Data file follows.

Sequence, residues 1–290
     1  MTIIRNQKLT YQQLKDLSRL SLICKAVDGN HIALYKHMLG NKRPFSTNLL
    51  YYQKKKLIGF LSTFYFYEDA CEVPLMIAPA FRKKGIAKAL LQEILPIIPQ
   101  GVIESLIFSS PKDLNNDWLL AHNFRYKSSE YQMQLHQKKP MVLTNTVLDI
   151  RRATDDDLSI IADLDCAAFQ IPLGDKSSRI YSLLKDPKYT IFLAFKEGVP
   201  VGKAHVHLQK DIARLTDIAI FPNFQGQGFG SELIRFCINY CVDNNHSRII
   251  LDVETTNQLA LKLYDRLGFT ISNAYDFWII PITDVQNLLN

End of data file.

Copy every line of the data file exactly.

Sequence, residues 1–290
     1  MTIIRNQKLT YQQLKDLSRL SLICKAVDGN HIALYKHMLG NKRPFSTNLL
    51  YYQKKKLIGF LSTFYFYEDA CEVPLMIAPA FRKKGIAKAL LQEILPIIPQ
   101  GVIESLIFSS PKDLNNDWLL AHNFRYKSSE YQMQLHQKKP MVLTNTVLDI
   151  RRATDDDLSI IADLDCAAFQ IPLGDKSSRI YSLLKDPKYT IFLAFKEGVP
   201  VGKAHVHLQK DIARLTDIAI FPNFQGQGFG SELIRFCINY CVDNNHSRII
   251  LDVETTNQLA LKLYDRLGFT ISNAYDFWII PITDVQNLLN